It's definitely worth it! Surely the personal satisfaction is enough, no? I love taking a good photo and showing it off on my blog. I just want it to happen more!

  5. by Hayley on February 17, 2015  4:02 am Reply

    Great tips, thanks Vic! I always end up with so many images and editing does take forever but it's worth it. Keep up the good work! Loving this series! X

    • by Vicky on February 17, 2015  4:21 pm Reply

      Thanks Puff. I'm glad it's helping you. I'm always having to clear out my cameras after clogging up the memory cards. I think the aim is quality, not quantity.

  6. by Elizabeth @ Awesome Wave on February 17, 2015  4:47 am Reply

    I totally agree with the storytelling tip. I've always been a big fan of photography but I've definitely noticed more interaction with my blog posts and instagram when there is more of a narrative to the photos.

    • by Vicky on February 17, 2015  4:20 pm Reply

      Yeah, now that Deb and Micheal have pointed it out it's definitely something I've noticed more. It's a good thing to have at the back of your mind when it comes to snapping away.

  7. by Shivya Nath on February 17, 2015  5:48 am Reply

    Interesting and snappy tips! I for one, am guilty of not spending too much thinking about or taking photographs (or even getting out of auto much), but I hereby pledge to try harder. Thanks for the inspiration :)

    • by Vicky on February 17, 2015  4:18 pm Reply

      No worries! I've definitely been working harder on my photography since I got Deb, Micheal and Chris' tips in. I need to think of it more of an art than something I just have to do. It's working! I got some beautiful photos of Taroko Gorge in Taiwan today. Excited to share them...

  8. by Penny on February 18, 2015  3:29 pm Reply

    Great tips though both me and my boyfriend are photo-phobes so not sure how many people shots I'll manage!

    Have been looking at getting a GoPro as I'd love to do some time-lapse shots. Which one did you get? I'm hoping to 'get away with' the cheapie basic one if I can. Or did I miss a post on that already?

  9. by Red Nomad OZ on February 21, 2015  6:53 am Reply

    I'm SO not an editor - although the tilt corrector is my best friend :D It's a fine line between being a photographer who travels and a traveller who photographs - just like the diff between a storyteller who blogs and a blogger who tells stories. Whichever you are will colour your photos (and blog!) and while I'm not suggesting taking crap photos as a strategy, even a not-so-good pic that illustrates the story and makes it's point can be valuable!

    Thanx for the tips!

    • by Vicky on February 23, 2015  4:18 pm Reply

      Yeah, you're definitely right there. There are so many strings to a travel bloggers bow you just can't possibly be an expert in all of them. And you shouldn't let any doubt you have in your photographing abilities stop you from blogging. It doesn't have to be perfect!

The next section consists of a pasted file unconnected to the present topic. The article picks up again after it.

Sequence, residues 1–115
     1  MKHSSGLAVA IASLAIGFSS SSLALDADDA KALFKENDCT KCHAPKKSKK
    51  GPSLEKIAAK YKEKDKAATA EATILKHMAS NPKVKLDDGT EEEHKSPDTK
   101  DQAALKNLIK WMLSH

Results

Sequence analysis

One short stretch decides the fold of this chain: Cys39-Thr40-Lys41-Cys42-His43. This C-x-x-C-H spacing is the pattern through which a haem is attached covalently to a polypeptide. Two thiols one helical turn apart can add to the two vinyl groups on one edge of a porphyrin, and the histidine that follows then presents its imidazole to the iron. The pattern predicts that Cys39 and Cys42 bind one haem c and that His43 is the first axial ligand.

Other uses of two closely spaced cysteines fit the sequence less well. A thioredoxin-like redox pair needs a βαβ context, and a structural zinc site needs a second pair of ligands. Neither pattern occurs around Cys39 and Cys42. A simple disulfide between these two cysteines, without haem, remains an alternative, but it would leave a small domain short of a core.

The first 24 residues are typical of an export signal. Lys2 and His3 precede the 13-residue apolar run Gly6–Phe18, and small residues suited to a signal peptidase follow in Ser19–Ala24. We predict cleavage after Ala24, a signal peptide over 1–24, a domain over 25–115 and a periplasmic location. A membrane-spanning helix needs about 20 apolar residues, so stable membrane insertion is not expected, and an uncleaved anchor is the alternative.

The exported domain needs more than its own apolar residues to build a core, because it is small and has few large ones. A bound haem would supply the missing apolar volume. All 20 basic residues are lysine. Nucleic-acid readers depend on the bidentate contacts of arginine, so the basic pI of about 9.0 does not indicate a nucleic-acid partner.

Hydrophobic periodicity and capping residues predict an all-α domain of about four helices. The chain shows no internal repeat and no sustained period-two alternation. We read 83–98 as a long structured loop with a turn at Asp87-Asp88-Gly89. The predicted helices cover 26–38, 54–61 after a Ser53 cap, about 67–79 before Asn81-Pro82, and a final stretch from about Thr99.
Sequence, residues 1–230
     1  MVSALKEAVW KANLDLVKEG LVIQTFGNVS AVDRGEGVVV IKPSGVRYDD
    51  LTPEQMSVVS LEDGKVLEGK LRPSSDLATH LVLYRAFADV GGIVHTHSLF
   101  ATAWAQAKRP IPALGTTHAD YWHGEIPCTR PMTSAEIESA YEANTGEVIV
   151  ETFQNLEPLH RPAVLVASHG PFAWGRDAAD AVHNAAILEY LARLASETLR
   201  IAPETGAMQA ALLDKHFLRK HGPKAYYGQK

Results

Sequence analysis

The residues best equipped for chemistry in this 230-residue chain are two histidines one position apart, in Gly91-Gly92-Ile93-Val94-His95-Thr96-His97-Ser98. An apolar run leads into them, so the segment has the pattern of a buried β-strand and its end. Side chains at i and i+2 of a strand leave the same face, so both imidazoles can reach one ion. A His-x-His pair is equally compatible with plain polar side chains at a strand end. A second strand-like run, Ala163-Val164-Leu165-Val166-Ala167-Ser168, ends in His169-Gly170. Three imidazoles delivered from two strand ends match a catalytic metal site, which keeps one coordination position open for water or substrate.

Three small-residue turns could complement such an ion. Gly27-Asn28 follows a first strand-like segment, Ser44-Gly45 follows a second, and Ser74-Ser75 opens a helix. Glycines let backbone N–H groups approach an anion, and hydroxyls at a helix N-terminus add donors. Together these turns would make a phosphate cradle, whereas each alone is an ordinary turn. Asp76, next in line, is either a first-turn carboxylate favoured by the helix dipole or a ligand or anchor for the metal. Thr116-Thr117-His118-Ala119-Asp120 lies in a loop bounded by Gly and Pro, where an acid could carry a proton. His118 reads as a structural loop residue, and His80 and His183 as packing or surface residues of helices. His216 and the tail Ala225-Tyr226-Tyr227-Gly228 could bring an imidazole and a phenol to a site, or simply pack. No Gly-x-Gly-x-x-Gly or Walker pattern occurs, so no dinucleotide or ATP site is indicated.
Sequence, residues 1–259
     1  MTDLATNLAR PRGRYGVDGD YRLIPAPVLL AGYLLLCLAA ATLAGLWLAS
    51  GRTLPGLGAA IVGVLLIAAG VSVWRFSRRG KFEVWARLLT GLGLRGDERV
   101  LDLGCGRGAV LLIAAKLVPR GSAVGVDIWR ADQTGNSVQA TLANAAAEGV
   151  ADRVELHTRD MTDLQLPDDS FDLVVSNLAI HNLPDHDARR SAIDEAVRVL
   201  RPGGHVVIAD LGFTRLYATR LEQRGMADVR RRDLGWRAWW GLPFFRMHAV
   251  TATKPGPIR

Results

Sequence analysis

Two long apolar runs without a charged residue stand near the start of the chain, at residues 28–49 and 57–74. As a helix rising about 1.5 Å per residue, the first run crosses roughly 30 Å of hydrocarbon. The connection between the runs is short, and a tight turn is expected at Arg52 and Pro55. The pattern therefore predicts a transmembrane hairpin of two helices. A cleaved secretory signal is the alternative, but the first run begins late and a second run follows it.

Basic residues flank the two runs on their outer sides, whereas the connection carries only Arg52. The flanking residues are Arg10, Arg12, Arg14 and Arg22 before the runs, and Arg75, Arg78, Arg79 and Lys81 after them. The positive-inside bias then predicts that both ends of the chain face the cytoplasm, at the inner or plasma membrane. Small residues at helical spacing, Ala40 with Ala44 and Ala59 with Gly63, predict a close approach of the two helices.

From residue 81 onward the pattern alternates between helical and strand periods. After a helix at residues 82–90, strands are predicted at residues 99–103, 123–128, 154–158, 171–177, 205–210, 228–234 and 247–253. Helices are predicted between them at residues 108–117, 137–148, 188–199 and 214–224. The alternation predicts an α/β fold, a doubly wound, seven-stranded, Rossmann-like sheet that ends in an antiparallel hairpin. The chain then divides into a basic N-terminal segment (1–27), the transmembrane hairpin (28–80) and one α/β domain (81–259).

10. by Jessica (Barcelona Blonde) on March 2, 2015  11:43 am Reply

    Great tips! It also took me a while to realize that people were taking good pictures and then turning them into great ones with some good editing. It really does make your pictures so much better!

    And I like your last tip of including more people in the pictures. It's something I'm trying to do more of, though I'm afraid I'm much more comfortable behind the camera than in front of it.

  11. by Thrifty Shopper on May 9, 2015  7:40 pm Reply

    This is a brilliant blog, very informative for an novice photographer like me. Thanks for sharing x

    • by Vicky on May 18, 2015  8:17 am Reply

      Thank you :)

  12. by Joe on January 10, 2016  9:44 am Reply

    Hey Vicky, what software do you use to make your collages? Looks rather snazzy, and I imagine helpful if you don't want to make the post sluggish to load with too many photos.

    • by Vicky on January 10, 2016  11:31 am Reply

      Hey Joe, I use Canva – love it! So easy to use and you can do some pretty cool stuff. Still getting the hang of my pics looking classy but I'm enjoying making them look cool!

  13. by dalibro on October 21, 2018  10:03 am Reply

    Good photography tips! You really don't need a superexpensive camera to take good photos. It is more important to think about timing, light and composition, telling a story, rather than just having the best equipment! :) I only disagree with the point about taking images of yourself. I mean it is fantastic for a private album. But nowadays, all travel bloggers seem to do it. But think about it as a reader - I usually want to learn something from a blog, to find inspiration and not only look at someone's face over and over :D